Another key element of the Paris negotiations is how to ensure sufficient funding is available to help vulnerable countries adapt to some of the damaging impacts already locked into climate systems. The effects of increasing storm intensity because of warming oceans and sea level rise associated with this are already being felt in many tropical island nations, including Australia’s Pacific Island neighbours, the Philippines, Indonesia, and south-east Asia.
Related to this is the need to scale up and encourage private-sector investment in cleaner technologies. A recent commitment by the Indian Prime Minister to substantially boost his country’s renewable energy is most encouraging, but highlights the need for a rapid increase in private-sector investment.
With the costs of renewable energy dropping rapidly – in particular solar and wind – a transformation of energy systems in many parts of the world is now occurring. Globally the level of investment in new renewable energy projects has now exceeded investments in new fossil fuel projects in energy generation. So what is the relevance of the Paris negotiations to Australia and the Asia-Pacific region? People across the region, including in Australia, support action on climate change and cutting emissions. Policy settings vary across governments, but in most countries in the region there is an increasingly rapid uptake of renewable energy and a mix of policies is being put in place to start the job of cutting emissions.
For example, in Australia more than one in seven households has rooftop solar panels. Bangladesh has the highest rate of solar installation in the region, while China and more recently India are dramatically scaling up manufacturing and use of renewable energy. China is on track to introduce legal restrictions on emissions and an emissions trading scheme next year.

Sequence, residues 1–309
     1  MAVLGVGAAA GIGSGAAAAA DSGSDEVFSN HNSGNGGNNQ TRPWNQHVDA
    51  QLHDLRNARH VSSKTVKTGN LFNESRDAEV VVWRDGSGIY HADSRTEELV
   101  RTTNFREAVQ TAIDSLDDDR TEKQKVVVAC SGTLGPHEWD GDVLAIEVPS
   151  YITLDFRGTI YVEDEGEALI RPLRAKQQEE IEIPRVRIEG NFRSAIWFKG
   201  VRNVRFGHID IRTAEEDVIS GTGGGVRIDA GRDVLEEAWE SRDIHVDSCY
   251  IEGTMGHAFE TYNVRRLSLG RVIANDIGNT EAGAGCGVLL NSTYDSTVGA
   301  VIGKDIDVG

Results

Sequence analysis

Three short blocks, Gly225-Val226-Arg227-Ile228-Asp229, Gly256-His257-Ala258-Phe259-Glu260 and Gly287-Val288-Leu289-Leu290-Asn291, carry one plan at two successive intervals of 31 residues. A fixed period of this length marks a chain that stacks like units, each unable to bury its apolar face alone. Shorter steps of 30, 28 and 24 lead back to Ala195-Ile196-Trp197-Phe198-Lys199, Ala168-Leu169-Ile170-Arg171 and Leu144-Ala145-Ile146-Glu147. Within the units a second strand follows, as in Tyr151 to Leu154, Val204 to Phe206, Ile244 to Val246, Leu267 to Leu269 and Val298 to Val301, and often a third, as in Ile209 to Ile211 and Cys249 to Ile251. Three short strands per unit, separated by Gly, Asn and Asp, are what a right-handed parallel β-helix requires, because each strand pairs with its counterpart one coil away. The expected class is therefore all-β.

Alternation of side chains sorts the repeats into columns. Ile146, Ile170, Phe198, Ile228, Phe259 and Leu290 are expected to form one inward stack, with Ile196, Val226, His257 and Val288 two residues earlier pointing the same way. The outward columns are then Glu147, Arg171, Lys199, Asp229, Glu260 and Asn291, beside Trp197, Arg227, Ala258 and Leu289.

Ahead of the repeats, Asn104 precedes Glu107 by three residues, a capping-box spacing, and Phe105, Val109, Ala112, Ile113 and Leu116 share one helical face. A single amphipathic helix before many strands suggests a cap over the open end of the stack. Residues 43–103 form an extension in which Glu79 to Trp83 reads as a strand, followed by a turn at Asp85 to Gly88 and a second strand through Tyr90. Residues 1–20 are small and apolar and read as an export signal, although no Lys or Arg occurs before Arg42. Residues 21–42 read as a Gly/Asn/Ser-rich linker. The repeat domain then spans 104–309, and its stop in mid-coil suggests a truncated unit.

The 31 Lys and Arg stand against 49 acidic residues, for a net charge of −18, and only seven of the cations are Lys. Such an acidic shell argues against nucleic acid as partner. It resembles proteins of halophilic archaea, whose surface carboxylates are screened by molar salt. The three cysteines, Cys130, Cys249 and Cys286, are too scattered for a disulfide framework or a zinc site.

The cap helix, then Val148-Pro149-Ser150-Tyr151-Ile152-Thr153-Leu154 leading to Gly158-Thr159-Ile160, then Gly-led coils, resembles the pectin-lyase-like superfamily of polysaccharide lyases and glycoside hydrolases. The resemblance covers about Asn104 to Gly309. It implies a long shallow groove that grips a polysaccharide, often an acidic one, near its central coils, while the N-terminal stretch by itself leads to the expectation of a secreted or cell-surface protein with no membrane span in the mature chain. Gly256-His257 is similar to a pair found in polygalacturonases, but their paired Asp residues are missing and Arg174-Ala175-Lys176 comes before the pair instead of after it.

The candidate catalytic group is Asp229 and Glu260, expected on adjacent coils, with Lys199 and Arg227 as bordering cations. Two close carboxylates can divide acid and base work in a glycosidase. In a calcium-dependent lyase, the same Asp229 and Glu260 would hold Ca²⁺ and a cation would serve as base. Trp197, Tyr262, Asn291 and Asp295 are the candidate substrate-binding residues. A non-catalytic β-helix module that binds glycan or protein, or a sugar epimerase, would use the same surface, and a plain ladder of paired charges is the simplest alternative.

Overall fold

The position that Australia takes into the Paris negotiations is significant. At preliminary negotiations in Bonn in June, China pointed out to the assembled nations that Australia had received more questions than any other country on its commitment to cut emissions.
Interestingly, international negotiations are now demonstrating that there are two strong drivers of change. One is the need to reduce emissions because of the damaging impact on climate; the other is the opportunity to develop new pathways to economic prosperity and well-being based on highly efficient and cleaner economies.
The continuing work of universities around the world, including the University of Melbourne, is important to the Paris outcomes and their implementation. The disciplines of climate science, engineering and technological development, the social sciences with their understandings
of human behaviour, political science and international affairs, climate policies, law and international governance, economics and business, are all informing decision-making and action.
What are the prospects of success at Paris? Because the negotiations follow the United Nations consensus approach they can be fraught. Finding common ground among so many countries and competing interests is always difficult.
But the leadership of the US and China is highly significant and has built momentum for an agreement at Paris. In their joint announcement, the leaders said the intent of their countries was to build the impetus for a successful agreement.
“The United States and China hope that by announcing these targets now, they can inject momentum into the global climate negotiations and inspire other countries to join in coming forward with ambitious actions as soon as possible,” they said.
Apart from any agreement, the current focus on climate change action around the world is creating the opportunity for the development and deployment of innovative technologies, continued public education, the advancement of science, and implementation of new policies, all of which are delivering significant advances for societies everywhere.
The key question remains, can our agreements and actions globally and nationally meet the great challenge of the urgency of emission reductions and the development of cleaner economies that our scientific community is so clearly pointing us towards?
A substantial portion of the greenhouse gases being emitted are long-lived in the atmosphere. Action today to bring down emissions is urgent. We have seen many years of very slow progress on global action to tackle climate change.
The compelling nature of the science and the great opportunities for economic prosperity and jobs growth through new cleaner economies should encourage every nation to strive for success at Paris.
Professor Don Henry is a Public Policy Fellow for Environmentalism at the Melbourne Sustainable Society Institute. He was formerly Chief Executive Officer of the Australian Conservation Foundation.